Syrian Army, Islamic State clashes in Deir Ezzor kill 23 soldiers, 50 fighters in 24 hours; fight still on
Heavy clashes between Syrian Army and the Islamic State group in Deir Ezzor city have killed at least 73 fighters in the last 24 hours, a monitor said Sunday.
Beirut, Lebanon: Heavy clashes between Syrian Army and the Islamic State group in Deir Ezzor city have killed at least 73 fighters in the last 24 hours, a monitor said Sunday.
Syrian Army controls most of Deir Ezzor city, capital of Deir Ezzor province in the country's east, and made further advances after responding to an Islamic State attack that began Saturday, the Britain-based Syrian Observatory for Human Rights monitor said.
The monitor said the fierce fighting Saturday killed at least 50 Islamic State fighters, as well as 23 Syrian soldiers and pro-regime militiamen.
Observatory director Rami Abdel Rahman said government forces had captured two new neighbourhoods and the municipal stadium.
"IS is now encircled in an area between the city and the (Euphrates) river," Abdel Rahman said.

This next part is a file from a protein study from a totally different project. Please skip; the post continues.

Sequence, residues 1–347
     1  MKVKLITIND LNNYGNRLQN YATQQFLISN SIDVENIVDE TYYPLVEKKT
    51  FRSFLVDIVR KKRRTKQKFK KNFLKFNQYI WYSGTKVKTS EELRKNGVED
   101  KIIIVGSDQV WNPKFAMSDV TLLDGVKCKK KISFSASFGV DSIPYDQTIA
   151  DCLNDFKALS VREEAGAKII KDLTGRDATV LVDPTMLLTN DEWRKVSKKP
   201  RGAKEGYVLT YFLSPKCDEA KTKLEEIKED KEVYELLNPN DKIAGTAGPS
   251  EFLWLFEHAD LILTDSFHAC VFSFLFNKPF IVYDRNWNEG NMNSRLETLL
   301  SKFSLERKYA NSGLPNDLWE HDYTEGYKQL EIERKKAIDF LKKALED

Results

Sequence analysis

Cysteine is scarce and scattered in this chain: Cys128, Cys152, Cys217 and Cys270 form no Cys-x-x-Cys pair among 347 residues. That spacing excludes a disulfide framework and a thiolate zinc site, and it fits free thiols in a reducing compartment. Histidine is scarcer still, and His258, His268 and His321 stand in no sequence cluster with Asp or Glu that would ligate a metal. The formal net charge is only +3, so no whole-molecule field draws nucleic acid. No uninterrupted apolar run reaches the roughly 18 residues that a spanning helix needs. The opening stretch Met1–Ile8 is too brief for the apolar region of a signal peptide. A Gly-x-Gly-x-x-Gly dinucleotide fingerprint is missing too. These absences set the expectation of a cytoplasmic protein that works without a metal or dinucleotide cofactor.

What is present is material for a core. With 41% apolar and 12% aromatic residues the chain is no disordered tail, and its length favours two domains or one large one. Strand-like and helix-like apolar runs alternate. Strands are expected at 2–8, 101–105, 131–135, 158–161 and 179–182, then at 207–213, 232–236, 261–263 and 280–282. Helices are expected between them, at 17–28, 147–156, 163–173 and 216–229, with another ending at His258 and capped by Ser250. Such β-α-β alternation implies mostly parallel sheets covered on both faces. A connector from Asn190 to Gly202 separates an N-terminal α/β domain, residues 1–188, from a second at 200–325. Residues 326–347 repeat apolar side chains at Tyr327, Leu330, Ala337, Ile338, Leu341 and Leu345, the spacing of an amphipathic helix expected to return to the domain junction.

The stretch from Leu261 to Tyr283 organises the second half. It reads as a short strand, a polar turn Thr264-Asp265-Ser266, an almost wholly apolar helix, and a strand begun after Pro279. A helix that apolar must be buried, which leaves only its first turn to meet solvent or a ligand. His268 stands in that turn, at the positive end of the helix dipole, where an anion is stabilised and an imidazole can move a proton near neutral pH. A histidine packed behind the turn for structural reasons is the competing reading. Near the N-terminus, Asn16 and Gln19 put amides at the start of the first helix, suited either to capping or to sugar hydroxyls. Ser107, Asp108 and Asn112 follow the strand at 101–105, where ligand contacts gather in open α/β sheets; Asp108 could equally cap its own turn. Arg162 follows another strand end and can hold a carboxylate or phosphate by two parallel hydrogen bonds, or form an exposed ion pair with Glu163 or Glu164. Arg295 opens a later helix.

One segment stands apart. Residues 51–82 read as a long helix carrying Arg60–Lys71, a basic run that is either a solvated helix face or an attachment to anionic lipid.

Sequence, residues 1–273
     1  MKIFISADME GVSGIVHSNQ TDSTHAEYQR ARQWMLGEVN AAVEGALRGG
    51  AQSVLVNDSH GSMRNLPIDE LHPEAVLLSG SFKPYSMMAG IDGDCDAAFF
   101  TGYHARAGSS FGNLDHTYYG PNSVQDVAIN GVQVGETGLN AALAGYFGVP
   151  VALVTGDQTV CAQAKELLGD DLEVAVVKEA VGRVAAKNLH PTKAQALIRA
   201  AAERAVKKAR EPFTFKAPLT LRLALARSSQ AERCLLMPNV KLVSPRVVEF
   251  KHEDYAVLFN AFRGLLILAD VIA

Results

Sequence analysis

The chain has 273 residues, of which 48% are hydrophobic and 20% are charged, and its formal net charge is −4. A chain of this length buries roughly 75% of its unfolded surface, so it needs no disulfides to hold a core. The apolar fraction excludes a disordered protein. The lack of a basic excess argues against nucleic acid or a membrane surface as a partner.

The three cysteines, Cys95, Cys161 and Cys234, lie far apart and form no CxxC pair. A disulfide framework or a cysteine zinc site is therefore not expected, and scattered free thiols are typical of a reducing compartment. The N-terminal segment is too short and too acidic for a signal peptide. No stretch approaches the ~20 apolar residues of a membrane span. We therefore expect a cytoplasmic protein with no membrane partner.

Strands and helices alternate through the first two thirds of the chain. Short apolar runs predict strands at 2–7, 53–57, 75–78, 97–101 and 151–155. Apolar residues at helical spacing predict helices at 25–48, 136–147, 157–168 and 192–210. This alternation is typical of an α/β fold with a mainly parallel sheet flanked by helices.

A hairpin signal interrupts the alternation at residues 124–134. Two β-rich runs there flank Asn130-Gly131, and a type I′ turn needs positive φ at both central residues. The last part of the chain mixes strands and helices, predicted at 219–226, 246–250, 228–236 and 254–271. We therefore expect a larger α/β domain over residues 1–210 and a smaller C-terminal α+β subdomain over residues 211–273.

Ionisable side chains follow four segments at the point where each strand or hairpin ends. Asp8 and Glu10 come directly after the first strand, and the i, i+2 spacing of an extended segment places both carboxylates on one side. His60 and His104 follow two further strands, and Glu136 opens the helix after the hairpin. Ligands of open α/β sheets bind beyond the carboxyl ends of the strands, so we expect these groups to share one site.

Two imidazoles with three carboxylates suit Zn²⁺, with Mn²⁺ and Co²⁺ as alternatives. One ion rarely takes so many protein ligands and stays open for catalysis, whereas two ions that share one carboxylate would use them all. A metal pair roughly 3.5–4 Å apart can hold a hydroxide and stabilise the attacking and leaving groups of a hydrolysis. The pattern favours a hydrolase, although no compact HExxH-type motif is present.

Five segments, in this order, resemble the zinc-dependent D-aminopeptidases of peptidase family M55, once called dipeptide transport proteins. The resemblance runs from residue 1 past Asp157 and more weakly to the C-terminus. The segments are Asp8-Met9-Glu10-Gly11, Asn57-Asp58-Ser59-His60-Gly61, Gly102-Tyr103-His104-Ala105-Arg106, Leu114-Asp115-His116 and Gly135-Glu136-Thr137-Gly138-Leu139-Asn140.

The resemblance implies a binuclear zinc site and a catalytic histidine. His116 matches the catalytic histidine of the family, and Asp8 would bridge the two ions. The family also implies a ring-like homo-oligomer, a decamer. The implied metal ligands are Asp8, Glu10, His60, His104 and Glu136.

Islamic State once held large sections of Deir Ezzor city, and for nearly three years laid siege to other parts of it that remained under government control.
In early September, advancing government forces broke the siege, and they have been working since to expel the jihadists from the rest of the city.
Abdel Rahman said the fighting that began Saturday was the fiercest in the city since government troops broke the siege, adding that clashes were continuing Sunday, with regime ally Russia carrying out heavy air strikes in support of the army and allied fighters.
Deir Ezzor, an oil-rich province that borders Iraq, was once a stronghold of Islaic State, but the jihadist group faces twin assaults there, from the regime and the US-backed Kurdish-Arab Syrian Democratic Forces.
The jihadists have already been expelled from neighbouring Raqa province, and are now confined to just a few pockets of territory in Deir Ezzor.
More than 330,000 people have been killed in Syria since the conflict began in March 2011 with anti-government protests.
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